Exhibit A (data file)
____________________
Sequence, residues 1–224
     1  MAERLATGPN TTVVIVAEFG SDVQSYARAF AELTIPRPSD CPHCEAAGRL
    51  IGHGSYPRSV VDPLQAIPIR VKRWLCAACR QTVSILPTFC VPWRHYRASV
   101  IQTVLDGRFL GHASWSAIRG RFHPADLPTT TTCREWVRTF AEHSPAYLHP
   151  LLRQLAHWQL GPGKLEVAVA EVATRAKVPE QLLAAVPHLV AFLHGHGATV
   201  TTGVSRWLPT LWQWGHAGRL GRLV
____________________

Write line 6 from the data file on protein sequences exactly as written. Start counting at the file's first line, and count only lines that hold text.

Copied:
   201  TTGVSRWLPT LWQWGHAGRL GRLV